It was a bit of a shock to many last year when a major study by the U.S. Department of Health and Human Services found little or no academic benefit to children who took part in the federally funded Head Start program.
Head Start is geared to 3- and 4-year-olds from low-income families. Total federal spending on Head Start since it started in 1965 is now approaching $200 billion, and many people have just assumed it must be working well. But judging from the findings of the massive study, Head Start appears to be one more example of well-intended but wasteful federal spending.
The study looked at everything from academics to social development to health, and it simply didn’t find lasting benefits.
In fact, it found that any positive effects from Head Start had virtually disappeared by the end of the students’ first-grade year.
And yet, the United States strangely continues to spend about $10 billion per year on Head Start. Do you think that’s wise?
Now, a Tennessee lawmaker has raised similar questions about the tens of millions of dollars that our state spends on its own pre-kindergarten program. Rep. Bill Dunn, R-Knoxville, pointed to a report on the Tennessee program that suggested pupils may not be getting much long-term academic benefit.
The study by the Strategic Research Group found that “for students in grades 3-5, analyses have found either no significant effect of pre-k participation on assessment scores, or, in some cases, have found that students who attended pre-k, on average, score lower than their nonpre-k counterparts on some assessments.”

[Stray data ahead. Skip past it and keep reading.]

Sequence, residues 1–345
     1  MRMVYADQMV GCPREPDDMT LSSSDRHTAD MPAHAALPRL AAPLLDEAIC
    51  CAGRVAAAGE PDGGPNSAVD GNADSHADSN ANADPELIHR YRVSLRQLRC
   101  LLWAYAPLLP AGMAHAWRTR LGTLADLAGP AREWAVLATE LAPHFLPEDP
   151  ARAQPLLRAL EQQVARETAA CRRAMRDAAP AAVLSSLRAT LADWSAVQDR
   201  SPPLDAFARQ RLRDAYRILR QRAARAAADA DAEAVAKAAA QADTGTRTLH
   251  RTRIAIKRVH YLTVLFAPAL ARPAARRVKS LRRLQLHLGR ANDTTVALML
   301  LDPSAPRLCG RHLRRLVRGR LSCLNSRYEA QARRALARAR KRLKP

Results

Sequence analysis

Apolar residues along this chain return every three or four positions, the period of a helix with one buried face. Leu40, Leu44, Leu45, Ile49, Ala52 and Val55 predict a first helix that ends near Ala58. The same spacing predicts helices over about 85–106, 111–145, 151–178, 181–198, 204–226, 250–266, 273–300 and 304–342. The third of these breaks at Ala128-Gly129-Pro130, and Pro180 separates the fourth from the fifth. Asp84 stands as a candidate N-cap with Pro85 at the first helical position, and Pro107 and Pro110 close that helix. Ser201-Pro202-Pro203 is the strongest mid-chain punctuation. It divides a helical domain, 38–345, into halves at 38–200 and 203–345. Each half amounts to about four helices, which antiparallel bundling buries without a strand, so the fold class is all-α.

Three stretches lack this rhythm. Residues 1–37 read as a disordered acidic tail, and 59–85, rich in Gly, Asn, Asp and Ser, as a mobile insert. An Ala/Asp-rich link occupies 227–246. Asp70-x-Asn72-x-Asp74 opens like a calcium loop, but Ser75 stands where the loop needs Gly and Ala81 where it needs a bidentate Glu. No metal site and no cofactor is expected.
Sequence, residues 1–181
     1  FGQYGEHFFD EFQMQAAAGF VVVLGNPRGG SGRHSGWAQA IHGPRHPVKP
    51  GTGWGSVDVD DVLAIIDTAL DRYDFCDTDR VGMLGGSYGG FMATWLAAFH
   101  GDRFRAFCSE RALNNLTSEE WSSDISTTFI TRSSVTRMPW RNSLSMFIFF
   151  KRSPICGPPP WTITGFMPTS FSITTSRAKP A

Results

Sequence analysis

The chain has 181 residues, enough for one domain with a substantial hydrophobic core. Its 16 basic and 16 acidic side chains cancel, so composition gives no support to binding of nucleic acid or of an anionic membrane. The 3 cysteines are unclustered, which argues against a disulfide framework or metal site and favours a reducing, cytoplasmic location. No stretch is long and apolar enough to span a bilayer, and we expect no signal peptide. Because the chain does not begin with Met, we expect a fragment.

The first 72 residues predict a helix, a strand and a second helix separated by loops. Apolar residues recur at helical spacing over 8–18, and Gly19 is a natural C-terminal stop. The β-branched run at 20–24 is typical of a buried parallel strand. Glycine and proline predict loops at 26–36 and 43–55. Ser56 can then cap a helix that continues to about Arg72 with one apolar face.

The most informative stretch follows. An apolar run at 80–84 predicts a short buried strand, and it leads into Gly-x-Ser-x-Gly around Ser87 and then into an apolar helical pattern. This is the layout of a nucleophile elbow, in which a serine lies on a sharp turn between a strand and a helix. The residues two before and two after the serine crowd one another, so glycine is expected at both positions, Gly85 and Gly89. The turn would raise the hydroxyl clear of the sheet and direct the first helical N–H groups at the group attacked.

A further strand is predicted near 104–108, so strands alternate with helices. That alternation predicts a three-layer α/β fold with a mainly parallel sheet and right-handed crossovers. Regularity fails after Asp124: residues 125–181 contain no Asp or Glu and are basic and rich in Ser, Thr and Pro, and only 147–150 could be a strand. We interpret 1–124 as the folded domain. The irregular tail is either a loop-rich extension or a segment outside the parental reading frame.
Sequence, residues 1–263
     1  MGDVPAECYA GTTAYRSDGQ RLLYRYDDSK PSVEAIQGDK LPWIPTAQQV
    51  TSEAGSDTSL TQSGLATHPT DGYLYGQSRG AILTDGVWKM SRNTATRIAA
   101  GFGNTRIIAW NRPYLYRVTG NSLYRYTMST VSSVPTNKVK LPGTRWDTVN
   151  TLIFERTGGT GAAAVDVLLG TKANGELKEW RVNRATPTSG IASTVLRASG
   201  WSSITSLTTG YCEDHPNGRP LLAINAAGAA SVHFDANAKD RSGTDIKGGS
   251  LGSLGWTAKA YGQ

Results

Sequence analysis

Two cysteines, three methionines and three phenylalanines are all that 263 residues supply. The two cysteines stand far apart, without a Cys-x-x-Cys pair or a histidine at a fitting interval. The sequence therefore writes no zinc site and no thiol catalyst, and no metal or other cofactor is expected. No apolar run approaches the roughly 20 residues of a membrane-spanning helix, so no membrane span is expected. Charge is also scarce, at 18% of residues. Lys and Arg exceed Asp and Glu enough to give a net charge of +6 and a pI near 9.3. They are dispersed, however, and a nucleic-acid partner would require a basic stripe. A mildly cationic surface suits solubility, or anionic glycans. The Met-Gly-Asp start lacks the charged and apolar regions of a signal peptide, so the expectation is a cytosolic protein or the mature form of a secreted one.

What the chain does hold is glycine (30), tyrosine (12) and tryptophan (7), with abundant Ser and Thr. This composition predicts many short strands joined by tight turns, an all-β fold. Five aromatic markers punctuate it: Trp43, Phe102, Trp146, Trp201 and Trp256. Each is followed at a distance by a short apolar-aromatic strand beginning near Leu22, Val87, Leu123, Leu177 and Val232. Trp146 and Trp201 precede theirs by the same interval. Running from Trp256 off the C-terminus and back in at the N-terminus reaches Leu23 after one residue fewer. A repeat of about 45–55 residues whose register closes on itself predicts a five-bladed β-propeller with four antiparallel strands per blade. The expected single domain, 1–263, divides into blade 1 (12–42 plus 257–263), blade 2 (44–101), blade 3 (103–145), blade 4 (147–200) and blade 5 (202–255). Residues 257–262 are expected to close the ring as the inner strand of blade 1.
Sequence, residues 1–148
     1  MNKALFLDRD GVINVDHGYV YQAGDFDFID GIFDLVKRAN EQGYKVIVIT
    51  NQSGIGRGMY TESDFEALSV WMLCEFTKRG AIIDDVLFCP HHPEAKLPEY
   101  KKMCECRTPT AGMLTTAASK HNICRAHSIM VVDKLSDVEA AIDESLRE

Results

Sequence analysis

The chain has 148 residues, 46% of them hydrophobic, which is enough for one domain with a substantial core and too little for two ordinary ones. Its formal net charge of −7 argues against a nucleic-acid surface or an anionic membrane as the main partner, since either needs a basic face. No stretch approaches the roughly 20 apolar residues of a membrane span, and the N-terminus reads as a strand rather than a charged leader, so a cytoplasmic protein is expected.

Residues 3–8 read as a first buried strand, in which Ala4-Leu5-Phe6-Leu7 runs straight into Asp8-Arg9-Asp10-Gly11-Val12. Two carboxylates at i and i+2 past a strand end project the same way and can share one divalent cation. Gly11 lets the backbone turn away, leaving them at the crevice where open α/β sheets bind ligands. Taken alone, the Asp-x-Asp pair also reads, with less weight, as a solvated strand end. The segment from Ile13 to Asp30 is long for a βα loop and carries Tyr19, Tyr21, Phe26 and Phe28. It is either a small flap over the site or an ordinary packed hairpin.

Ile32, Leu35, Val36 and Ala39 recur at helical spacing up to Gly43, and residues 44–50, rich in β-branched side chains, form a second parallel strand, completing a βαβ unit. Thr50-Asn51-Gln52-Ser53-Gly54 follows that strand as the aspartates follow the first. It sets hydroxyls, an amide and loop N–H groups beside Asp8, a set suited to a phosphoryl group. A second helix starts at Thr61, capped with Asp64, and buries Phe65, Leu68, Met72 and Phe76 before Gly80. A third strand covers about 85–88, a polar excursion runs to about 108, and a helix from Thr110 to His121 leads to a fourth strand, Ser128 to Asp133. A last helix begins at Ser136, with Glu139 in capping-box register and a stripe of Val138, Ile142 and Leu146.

Dunn said: “People make big promises, but nothing big is showing up in this report at all. We were sold a silver bullet. It turns out it’s made of lead.”
The apparently bleak findings about Tennessee’s pre-kindergarten program do not end debate on the issue. The researchers were careful to point out that the program has changed in important ways over the past few years, and that the study does not necessarily reflect the current effectiveness of the pre-k program in Tennessee. They also say there is some evidence of better performance in kindergarten by pupils who took part in the pre-k program.
We should all want our children to get an excellent education, to prepare them for happier, more productive lives. But we should also insist that our limited tax dollars for education be spent effectively.
At a minimum, it is worth looking carefully into these concerns about Tennessee’s pre-kindergarten program to ensure that it is having positive effects.
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